Rep. G.K. Butterfield, D-N.C., suggested that the United States Supreme Court is participating in a racist "right-wing conspiracy" to restore Jim Crow-era laws to disenfranchise black Americans.
"There is a right-wing conspiracy that is alive and well in this country that is trying to take us back to 1900, and even before," Butterfield, second vice chair of the Congressional Black Caucus (CBC), told black pastors at a CBC event on voter ID laws today. Butterfield had just explained that 1900 was the year Southern states enacted poll taxes and literacy tests in order to disenfranchise black voters and thus defeat black elected officials. "They are coming in very discreet ways," he warned.
Butterfield cited a 2010 Supreme Court decision lamented by Democrats as his first example of such a conspiracy.
"The Citizens United case, for example, that now allows corporations to give unlimited amounts of money -- anonymous unlimited amounts of money -- in support or opposition to political candidates," Butterfield said. "And it's working," he said ominously.
"Trust us: when the Congressional Black Caucus tells you that a voter ID law will be detrimental to black empowerment -- black political empowerment -- we know what we are talking about and it is for real," Butterfield continued, before contradicting himself (with respect to the alleged goals of the "right-wing conspiracy" trying to return to 1900. "What they want to do is not take away the right to vote, but if black voter participation can be diminished even by ten percent it will make that critical difference all across the country. President Obama won my state, in the last election, by 14,000 votes. Had we had a voter ID law in North Carolina he would not have won the state of NC and probably could not have won the presidency."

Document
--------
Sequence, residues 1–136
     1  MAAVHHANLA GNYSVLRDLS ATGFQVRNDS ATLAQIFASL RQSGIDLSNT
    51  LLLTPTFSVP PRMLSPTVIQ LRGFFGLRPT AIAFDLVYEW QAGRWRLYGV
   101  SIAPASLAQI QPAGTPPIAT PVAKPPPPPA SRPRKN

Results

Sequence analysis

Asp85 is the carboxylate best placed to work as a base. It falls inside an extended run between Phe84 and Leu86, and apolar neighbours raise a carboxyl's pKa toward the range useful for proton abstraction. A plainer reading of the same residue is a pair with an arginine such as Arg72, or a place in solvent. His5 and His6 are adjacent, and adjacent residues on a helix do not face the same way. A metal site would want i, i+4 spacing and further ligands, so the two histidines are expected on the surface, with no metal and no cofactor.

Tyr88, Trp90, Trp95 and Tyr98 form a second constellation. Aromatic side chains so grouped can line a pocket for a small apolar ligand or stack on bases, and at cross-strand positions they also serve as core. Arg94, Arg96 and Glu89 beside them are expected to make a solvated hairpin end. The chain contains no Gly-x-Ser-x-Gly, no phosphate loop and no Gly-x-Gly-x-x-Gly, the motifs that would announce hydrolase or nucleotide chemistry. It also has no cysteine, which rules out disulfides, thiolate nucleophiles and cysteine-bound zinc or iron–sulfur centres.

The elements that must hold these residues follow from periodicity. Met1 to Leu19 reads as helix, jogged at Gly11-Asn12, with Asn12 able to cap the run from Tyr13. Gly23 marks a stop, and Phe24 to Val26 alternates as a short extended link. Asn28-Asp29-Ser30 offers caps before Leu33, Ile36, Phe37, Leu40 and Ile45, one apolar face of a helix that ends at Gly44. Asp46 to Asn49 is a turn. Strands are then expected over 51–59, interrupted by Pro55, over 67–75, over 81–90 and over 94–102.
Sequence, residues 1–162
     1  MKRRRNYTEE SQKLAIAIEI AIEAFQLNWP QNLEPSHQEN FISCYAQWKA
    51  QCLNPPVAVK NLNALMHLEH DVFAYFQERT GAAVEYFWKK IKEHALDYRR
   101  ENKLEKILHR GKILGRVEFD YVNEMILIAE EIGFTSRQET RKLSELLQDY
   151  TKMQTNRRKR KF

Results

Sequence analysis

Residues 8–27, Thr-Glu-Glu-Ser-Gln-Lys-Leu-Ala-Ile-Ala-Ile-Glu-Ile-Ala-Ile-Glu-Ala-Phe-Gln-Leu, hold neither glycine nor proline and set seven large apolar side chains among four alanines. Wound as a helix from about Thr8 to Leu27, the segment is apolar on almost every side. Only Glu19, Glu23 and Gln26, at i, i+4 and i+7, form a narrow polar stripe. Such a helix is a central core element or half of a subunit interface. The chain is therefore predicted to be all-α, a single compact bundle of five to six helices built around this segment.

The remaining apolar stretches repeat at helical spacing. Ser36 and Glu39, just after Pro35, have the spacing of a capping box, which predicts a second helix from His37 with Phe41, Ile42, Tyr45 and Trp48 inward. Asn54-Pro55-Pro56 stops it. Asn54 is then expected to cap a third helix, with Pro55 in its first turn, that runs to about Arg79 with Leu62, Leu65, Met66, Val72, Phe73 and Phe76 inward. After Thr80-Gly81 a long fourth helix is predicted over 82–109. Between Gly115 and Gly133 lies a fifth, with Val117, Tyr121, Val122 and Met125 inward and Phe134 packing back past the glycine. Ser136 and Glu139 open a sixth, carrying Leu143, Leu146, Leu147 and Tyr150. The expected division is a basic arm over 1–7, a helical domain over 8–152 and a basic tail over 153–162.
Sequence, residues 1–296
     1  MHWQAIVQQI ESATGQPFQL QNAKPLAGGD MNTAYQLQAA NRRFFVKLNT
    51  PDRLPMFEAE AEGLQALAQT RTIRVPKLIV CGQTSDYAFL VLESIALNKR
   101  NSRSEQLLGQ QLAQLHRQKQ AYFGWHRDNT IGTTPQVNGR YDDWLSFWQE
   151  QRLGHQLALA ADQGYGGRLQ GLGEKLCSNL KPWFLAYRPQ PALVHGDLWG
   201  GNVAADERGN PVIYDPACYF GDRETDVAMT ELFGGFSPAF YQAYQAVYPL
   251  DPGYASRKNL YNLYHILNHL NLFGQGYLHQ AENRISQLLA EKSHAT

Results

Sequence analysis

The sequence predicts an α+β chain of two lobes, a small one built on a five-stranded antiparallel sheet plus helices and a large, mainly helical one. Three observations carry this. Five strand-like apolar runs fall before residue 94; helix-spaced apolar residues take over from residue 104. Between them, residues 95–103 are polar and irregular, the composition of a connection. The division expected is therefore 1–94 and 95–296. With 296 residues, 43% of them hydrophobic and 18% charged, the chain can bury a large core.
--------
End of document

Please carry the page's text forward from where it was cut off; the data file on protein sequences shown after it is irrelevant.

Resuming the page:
Butterfield isn't the first CBC member to invoke Jim Crow for political purposes. "This is the effort that we're seeing of Jim Crow," Rep. Andre Carson, D-Ind., said last August. "Some of these folks in congress right now would love to see us as second class citizens. Some of them in Congress right now of this Tea Party movement would love to see you and me hanging on a tree."
CBC head Rep. Emanuel Cleaver, D-Mo., assured MSNBC yesterday that the CBC would not tell the pastors at today's event how to vote.